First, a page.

TurboShale, a Utah company incorpororated in 2017, and now in partnership with JRT, has acquired a process which builds upon the already proven use of Radio Frequency (RF) to produce oil from oil shale. The technology can be compared to a previous multimillion USD RF test programme (“BART Programme”) conducted in the early 1980s at a site in the same Uinta Basin as, and estimated to be within approximately 20 miles of, TomCo’s Holliday Block, Utah
During 2018, TurboShale commenced a Field Test Programme on the Holliday Block property, intended to prove it’s developed RF technology. Results are expected later this year.
The BART (Badger, Raytheon and Texaco) programme was conducted within 20 miles of TomCo’s acreage in the Uinta Basin in Utah in the early 1980s. The programme applied RF energy to fracture and retort in-situ oil while using conventional oil and gas field techniques to recover oil production.
Laboratory testing, analysis and field testing at BART’s Utah site have resulted in a better understanding of the fundamentals of oil shale which are proving invaluable to TomCo’s current programme.
In particular, Ray Kasevich, the Technical Director of the BART programme and one of the key exponents of RF, is part of the JRT team and working with TomCo on its Turboshale project.
The Directors believe the results of the 1980s BART Programme were very encouraging – demonstrating low operating and production costs, with a good quality oil (low sulfur, high API, low pour point) being produced using this process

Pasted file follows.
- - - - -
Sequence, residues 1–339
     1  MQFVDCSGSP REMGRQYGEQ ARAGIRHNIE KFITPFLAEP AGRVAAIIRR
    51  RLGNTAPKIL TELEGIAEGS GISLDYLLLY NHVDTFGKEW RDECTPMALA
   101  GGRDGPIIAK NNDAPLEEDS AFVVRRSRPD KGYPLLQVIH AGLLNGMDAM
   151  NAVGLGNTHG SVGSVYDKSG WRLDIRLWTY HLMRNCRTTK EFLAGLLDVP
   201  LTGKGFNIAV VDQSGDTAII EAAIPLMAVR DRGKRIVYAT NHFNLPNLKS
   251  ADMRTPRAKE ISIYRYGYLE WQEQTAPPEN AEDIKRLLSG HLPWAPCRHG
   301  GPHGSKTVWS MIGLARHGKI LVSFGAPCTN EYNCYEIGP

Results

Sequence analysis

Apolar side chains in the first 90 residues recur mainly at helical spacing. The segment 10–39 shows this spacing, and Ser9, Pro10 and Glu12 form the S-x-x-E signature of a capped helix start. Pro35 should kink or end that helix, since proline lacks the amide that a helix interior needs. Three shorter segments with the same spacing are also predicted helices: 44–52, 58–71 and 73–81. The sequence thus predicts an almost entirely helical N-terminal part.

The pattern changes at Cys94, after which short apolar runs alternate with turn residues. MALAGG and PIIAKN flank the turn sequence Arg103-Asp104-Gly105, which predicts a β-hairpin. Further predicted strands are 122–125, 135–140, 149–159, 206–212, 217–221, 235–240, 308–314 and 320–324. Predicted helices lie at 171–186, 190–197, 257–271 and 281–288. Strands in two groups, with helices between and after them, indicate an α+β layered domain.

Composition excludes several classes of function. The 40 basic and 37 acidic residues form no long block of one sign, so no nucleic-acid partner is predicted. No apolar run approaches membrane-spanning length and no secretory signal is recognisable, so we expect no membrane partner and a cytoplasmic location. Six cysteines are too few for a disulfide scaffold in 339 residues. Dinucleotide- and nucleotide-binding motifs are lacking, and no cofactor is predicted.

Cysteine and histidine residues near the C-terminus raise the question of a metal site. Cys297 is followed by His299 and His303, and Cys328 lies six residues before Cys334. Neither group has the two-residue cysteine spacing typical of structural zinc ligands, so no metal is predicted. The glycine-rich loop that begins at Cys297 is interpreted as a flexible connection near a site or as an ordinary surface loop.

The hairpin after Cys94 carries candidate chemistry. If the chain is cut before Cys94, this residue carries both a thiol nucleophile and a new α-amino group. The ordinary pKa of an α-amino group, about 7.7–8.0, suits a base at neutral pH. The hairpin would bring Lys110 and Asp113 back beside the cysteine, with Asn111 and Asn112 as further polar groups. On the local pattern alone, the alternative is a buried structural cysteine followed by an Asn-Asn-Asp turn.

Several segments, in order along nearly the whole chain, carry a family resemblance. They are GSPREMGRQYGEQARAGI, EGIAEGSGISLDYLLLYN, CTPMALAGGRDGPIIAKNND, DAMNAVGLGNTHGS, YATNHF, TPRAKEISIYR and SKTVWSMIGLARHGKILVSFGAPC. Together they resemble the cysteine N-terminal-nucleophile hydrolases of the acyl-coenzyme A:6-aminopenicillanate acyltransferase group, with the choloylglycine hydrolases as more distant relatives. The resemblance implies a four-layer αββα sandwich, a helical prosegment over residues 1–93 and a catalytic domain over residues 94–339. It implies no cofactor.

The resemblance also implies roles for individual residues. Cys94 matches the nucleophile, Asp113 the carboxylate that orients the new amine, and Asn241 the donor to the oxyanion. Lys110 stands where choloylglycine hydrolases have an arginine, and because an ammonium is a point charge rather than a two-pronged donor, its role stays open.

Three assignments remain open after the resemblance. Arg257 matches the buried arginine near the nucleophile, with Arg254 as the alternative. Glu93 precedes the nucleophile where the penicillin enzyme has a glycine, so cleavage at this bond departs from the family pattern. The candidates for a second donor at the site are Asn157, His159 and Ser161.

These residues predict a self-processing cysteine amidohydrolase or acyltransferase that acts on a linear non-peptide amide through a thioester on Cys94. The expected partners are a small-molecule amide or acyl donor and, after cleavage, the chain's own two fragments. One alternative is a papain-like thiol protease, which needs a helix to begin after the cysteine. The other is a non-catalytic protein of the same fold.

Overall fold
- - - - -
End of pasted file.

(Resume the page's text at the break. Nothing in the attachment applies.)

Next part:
- Radio waves are emitted from antennas in horizontal or vertical wells and deeply penetrate almost any material (permafrost, soils , rock)
- Absorption at molecular level occurs resulting in chemical bonds weakening; resonances, and desorption
- RF rapidly heats the pore and material bonded waters (connate, water of crystallization, capillary waters providing a controlled ‘fracturing’ in rock. As a result there are no water or chemical requirements for the fracturing process
- RF waves create oil/gas movement
- Antenna lengths from a few meters to tens of meters in vertical wells depending on frequency and layouts. Long antennas in horizontal wells also possible
- Portable and computer controlled operating systems
- Wide range of frequency choices and RF generator power range, typically up to 250 kW
- Minimum impact on the environment: No need for blasting or leaching rock
- True in-situ technology, similar to conventional drilling practices
- The 1980s BART study indicates reduced refinery costs: with the recovered oil having low sulfur, high API and low pour point
- No water requirement; only recycled water for equipment cooling may be necessary
- Higher quality oil & gas product with RF at lower temperaturesRF gives precise temperature control for control of oil/gas yield and product characteristics